Pizza delivery drivers in the U.S. could be out of a job in the next few years.
Ford Motor Co. and Domino's Pizza are collaborating on research into self-driving pizza delivery vehicles, and will soon drop off deliveries with an autonomous Ford Fusion hybrid in Ann Arbor, Michigan. The two companies said Tuesday they established the partnership to study customer reaction to receiving pizzas by a self-driven vehicle.
"As we increase our understanding of the business opportunity for self-driving vehicles to support the movement of people and goods, we're pleased to have Domino's join us in this important part of the development process," Sherif Marakby, Ford vice president, autonomous and electric vehicles, said in a statement. "As a company focused on the customer experience, Domino's shares our vision for a future enabled by smart vehicles in a smart environment that enhance people's lives."
As part of the research, random Domino's customers in Ann Arbor can choose to receive their pizza in a self-driving car -- sort of. The Fusion hybrid is equipped with self-driving technology, but will be manually driven by a Ford safety engineer, the automaker said.
Customers will be able to track their orders through GPS, and will receive a text message when the vehicle approaches that shows them how to unlock and retrieve their pizza from a storage compartment in what would normally be the rear side window of the four-door sedan, all without interacting with an actual human.
Roush Enterprises created the pizza storage compartment based on research it did with Domino's for its modified Chevrolet Spark DXP delivery vehicle in 2015.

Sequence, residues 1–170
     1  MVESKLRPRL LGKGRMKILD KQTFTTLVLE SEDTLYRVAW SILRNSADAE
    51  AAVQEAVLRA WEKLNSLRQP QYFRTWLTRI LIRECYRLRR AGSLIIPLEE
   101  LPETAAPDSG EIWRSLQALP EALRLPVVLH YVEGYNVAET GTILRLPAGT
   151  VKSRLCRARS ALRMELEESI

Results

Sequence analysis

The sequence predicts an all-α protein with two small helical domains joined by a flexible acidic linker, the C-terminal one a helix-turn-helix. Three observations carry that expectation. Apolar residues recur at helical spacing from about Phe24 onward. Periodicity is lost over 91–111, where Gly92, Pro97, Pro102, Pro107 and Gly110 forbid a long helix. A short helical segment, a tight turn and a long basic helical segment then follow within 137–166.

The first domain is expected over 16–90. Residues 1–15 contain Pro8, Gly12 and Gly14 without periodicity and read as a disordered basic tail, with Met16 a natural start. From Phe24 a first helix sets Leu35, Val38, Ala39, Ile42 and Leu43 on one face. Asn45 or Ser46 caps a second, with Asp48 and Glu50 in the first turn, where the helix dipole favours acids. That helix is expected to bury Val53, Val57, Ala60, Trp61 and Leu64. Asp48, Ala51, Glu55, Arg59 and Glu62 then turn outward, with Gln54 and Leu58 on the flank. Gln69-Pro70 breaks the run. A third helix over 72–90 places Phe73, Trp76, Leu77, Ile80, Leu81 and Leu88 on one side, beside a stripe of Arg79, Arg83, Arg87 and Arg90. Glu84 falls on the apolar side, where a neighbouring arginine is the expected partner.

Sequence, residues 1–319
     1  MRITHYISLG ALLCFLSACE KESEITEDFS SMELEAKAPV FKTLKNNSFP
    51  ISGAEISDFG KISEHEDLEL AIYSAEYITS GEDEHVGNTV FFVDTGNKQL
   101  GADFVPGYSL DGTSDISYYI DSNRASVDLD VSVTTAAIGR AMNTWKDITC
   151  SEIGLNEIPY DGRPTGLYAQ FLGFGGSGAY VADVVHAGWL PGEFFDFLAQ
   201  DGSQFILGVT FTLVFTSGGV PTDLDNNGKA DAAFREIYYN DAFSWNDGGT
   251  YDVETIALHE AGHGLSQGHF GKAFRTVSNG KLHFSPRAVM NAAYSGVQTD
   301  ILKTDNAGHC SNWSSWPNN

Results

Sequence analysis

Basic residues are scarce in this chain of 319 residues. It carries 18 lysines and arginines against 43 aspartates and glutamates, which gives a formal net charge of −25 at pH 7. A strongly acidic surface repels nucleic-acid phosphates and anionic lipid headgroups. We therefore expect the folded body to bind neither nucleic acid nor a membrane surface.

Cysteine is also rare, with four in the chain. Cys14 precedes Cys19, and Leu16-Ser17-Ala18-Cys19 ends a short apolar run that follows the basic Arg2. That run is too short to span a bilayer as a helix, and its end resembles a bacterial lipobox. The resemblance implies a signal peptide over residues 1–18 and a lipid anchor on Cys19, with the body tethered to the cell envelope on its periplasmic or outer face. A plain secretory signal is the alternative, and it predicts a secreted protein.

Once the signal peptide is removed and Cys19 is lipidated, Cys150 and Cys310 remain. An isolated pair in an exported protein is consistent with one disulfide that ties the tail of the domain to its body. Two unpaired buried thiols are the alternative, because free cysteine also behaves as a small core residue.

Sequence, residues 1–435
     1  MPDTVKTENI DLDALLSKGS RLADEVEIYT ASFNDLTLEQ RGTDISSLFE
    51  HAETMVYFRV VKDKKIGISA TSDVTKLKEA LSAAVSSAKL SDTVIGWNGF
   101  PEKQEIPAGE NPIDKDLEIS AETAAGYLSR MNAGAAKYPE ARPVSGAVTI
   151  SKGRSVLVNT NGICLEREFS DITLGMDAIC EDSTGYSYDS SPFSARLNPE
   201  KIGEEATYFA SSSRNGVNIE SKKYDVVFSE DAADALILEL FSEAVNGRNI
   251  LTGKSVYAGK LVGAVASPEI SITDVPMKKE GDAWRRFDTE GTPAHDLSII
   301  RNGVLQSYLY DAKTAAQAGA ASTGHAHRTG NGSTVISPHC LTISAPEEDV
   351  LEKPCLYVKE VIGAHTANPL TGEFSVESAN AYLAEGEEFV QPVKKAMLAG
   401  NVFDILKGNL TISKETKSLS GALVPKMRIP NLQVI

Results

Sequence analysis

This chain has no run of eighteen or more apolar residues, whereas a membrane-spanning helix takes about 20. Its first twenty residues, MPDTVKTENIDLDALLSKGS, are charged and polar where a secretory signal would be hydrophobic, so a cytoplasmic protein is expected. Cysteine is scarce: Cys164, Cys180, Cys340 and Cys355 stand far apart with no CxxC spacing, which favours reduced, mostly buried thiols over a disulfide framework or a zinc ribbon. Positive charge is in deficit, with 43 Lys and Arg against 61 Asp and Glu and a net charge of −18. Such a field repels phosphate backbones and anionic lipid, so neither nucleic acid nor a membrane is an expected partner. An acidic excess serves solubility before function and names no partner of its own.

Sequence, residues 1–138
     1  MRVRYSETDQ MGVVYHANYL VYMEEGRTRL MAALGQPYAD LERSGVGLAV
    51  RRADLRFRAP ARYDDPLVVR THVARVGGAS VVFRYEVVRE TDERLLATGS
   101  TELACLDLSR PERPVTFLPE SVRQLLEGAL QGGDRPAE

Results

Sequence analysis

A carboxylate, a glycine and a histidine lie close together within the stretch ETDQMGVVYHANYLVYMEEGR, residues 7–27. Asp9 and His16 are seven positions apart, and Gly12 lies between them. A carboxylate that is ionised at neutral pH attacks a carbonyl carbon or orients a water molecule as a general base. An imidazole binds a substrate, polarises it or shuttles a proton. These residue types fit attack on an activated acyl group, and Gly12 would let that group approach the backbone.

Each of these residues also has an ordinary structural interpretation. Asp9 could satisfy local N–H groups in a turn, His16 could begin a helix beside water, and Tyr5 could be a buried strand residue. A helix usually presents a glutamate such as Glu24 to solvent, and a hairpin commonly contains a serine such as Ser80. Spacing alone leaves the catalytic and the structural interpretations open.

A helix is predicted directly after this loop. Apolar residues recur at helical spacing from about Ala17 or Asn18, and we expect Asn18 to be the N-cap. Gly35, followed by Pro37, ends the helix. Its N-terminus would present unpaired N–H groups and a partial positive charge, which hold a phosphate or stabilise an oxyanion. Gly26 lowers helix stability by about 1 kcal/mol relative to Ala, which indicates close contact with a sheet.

"We're interested to learn what people think about this type of delivery," Russell Weiner, president of Domino's USA, said in a statement. "The majority of our questions are about the last 50 feet of the delivery experience. For instance, how will customers react to coming outside to get their food? We need to make sure the interface is clear and simple. We need to understand if a customer's experience is different if the car is parked in the driveway versus next to the curb. All of our testing research is focused on our goal to someday make deliveries with self-driving vehicles as seamless and customer-friendly as possible."
Ford and Domino's privately tested the self-driving pizza delivery vehicle at MCity, a 32-acre autonomous car test site in Ann Arbor.
Ford has vowed to introduce a Level 4 autonomous vehicle in 2021 for commercial use. Marakby said in a blog post last week that those uses could include delivery of goods in addition to services like ride-sharing and ride-hailing.
"One thing is certain. Self-driving technology will change the way business is done," he said in the post. "To help us build a viable business, we intend to work with multiple partners in the coming months to understand what self-driving technology can enable when applied with a human-centered approach. Working together, we'll build a sustainable self-driving business that prioritizes the people experience over the technology experience."